Happy Valentine's Day to all of us, keep warm!

Wednesday, February 06, 2008

I've been writing alot recently. I am taking 2 writing classes, one in creative nonfiction and memoir, and the other called 'Writers as Readers". Both are fun, lots of reading and lots of writing. At times, the assignments begin to overlap a little. I've written several peices now about my childhood and growing up. It is astounding how the memories keep coming once I've tugged at the thread. I had never thought much about writing nonfiction and am now finding that I am really enjoying it. This is good, since I have another 2 months of classes left, and quite a bit more writing to do for them. This is a peice I wrote to describe my relationship with reading and writing.

The first book I remember
reading had a main character
named Nell.
She was a farm horse,
I was not amused.
I read everything I could get my hands on.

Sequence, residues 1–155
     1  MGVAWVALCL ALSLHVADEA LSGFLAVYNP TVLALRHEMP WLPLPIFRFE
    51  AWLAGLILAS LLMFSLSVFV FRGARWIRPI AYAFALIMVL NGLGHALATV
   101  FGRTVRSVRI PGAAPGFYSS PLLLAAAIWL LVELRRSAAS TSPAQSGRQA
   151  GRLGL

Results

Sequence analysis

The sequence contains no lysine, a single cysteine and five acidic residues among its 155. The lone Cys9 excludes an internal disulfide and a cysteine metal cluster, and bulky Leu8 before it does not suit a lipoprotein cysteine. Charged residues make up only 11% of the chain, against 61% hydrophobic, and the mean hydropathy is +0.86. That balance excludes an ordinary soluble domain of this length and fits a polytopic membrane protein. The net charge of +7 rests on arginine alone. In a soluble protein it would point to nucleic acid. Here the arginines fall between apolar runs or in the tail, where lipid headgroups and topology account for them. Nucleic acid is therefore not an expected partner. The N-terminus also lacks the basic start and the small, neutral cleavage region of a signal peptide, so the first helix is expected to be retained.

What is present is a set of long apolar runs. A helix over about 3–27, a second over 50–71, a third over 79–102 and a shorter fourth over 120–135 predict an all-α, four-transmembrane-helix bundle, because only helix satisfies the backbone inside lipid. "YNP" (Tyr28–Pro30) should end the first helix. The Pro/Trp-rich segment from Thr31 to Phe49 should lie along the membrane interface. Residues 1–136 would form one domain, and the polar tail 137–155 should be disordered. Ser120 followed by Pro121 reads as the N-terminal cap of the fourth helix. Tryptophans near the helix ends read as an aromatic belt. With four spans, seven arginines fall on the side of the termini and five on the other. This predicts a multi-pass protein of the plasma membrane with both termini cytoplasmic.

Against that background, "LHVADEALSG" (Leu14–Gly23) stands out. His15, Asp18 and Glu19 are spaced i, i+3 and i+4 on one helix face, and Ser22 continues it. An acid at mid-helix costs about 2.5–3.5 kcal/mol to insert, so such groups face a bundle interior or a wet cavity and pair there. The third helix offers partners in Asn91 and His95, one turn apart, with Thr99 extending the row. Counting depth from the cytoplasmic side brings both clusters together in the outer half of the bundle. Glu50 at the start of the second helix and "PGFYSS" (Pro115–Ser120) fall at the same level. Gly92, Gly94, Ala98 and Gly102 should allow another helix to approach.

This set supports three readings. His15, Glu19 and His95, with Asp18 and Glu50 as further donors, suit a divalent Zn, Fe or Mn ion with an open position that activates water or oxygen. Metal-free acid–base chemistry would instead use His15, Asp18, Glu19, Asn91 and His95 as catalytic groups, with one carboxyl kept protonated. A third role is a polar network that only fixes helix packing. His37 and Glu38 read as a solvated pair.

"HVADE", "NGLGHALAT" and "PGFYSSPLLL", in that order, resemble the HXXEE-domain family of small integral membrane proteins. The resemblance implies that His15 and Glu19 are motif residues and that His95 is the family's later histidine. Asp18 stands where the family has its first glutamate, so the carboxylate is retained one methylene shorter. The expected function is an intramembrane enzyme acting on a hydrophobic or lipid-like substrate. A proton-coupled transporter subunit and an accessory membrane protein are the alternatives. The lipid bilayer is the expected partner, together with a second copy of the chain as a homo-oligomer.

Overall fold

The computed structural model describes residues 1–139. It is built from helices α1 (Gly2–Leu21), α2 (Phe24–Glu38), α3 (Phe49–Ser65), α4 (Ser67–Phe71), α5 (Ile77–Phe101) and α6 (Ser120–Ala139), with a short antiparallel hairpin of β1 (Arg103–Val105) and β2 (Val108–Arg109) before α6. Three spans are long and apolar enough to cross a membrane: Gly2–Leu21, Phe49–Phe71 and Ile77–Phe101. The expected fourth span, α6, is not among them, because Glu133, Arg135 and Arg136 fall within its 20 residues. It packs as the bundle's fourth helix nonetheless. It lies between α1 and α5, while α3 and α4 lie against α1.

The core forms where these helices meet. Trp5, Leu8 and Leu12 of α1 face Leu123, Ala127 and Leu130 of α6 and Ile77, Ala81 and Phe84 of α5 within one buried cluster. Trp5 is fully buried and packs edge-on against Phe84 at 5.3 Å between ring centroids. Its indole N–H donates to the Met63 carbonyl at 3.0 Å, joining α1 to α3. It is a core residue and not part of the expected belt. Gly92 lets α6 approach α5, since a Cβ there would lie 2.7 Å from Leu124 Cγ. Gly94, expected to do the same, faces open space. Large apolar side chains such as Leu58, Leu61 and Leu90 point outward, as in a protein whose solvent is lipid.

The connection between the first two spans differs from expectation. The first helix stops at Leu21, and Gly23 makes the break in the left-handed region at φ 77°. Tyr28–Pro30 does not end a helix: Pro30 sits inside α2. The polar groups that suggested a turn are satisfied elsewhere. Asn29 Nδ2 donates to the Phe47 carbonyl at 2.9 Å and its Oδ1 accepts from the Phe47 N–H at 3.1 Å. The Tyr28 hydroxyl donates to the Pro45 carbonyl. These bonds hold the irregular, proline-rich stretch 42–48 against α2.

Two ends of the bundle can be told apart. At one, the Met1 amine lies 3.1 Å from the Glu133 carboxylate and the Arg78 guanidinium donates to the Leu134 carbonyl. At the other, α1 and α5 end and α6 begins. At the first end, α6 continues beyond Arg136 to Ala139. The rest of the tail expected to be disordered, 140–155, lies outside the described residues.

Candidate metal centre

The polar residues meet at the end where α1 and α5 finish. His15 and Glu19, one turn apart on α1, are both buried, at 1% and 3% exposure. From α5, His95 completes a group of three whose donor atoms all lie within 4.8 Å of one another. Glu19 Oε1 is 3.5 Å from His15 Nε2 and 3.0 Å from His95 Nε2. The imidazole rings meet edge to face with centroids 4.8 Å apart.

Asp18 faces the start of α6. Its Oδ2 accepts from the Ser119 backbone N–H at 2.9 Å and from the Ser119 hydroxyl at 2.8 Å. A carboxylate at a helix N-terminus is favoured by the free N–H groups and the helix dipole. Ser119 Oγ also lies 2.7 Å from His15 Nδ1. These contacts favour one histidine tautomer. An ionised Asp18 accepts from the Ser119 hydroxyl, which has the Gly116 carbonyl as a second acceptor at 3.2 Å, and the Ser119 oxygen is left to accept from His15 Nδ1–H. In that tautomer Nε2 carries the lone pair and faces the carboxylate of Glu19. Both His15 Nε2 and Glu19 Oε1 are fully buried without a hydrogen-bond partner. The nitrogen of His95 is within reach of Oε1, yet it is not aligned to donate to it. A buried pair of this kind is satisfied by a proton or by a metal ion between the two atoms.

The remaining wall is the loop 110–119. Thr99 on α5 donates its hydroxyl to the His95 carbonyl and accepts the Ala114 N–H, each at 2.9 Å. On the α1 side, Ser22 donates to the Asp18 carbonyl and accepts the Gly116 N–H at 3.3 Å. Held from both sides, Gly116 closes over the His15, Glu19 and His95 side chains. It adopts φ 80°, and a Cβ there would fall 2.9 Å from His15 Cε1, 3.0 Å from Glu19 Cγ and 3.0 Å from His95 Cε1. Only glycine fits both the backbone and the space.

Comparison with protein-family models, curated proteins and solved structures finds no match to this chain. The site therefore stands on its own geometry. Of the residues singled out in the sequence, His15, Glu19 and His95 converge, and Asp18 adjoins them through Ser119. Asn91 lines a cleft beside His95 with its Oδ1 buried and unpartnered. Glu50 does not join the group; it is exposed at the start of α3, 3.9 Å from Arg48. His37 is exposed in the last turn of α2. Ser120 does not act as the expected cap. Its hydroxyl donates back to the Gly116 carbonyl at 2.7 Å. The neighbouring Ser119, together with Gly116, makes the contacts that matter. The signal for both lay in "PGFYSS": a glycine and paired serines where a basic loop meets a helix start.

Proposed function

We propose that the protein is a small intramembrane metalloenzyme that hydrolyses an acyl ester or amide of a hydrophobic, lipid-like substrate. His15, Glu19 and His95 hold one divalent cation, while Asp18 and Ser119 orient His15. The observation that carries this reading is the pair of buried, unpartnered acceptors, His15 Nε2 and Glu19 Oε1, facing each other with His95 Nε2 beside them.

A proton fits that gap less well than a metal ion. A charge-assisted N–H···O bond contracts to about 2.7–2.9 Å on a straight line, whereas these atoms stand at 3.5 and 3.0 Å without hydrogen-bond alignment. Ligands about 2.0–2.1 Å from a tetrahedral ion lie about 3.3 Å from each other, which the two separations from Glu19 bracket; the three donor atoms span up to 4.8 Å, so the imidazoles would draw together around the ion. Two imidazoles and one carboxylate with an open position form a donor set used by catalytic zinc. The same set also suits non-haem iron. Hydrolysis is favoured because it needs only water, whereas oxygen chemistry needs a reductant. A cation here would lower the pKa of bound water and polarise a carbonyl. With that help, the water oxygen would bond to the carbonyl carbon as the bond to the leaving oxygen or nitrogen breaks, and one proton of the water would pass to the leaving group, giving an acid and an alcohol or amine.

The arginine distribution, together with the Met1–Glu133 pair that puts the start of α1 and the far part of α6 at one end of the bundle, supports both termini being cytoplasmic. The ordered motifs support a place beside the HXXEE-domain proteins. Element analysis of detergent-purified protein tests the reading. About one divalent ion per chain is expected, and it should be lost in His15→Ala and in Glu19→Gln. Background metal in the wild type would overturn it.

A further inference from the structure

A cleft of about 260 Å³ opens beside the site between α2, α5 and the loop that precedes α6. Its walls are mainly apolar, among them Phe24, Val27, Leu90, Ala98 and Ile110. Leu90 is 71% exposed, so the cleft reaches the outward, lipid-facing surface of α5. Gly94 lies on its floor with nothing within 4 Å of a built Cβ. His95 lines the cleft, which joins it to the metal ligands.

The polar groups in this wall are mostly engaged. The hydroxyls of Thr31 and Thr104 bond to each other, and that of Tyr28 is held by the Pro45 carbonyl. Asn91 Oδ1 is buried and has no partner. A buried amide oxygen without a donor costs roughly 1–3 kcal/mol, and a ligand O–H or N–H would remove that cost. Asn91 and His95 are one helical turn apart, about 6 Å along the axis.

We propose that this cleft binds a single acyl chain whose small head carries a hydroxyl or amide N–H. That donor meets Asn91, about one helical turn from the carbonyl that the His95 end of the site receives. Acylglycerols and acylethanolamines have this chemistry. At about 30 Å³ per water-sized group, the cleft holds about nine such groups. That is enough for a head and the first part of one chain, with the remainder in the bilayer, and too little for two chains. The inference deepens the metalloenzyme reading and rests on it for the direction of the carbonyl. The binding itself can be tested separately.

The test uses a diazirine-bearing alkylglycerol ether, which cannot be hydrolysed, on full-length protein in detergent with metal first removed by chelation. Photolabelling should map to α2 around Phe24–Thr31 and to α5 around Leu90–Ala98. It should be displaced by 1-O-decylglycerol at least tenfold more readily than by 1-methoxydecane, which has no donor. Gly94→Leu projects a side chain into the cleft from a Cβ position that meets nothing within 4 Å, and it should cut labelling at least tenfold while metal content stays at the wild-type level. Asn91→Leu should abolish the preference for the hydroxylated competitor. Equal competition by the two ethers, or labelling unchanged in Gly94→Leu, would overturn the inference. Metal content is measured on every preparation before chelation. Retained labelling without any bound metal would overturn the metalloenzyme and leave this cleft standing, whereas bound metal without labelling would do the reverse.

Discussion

I read everywhere.
I read in the bathroom,
I read when I was supposed to be doing dishes,
I read hidden under my bed,
I took books out past the flowerbeds
into the wild plum brush and read.
Whatever I read,
I lived, breathed, played and dreamed.
Books were portals into other worlds
that I could escape into.
Books took me places that I had never
imagined existed.
Then, I began to write.
I wrote poems, stories, plays, books, newspapers
I wrote journals and diaries.
I wrote things that I could never say to anyone.
I wrote words that I didn’t know I knew.
I wrote about people I had never known
and places I had never been.
I wrote about worlds and art and love and living
and passion.
I wrote because I couldn’t NOT write.
Most of my childhood, my writing
and reading were seen as frivolous
and relatively unimportant by those
around me.
When I decided to be a writer
I felt as though I were staking my flag
on an undiscovered planet.
I also felt as though I had only a limited
amount of oxygen to survive.
In my early twenties,
a dream came true,
I began work at a small
publishing press.
I spent my days reading terrible
poetry sent in by 90 year old women
and ex-truck driving men.
I had to write back to them and tell them
we would not be publishing their
precious poems.
Fortunately, I didn’t have to tell them how
awful they were.
I spent my evenings trying to keep up with
alcoholic poets and writers twice my age
and tangled in the dysfunctional lives of
blocked artists.
I became a sounding board and a mirror.
I became a shadow self to diseased writers.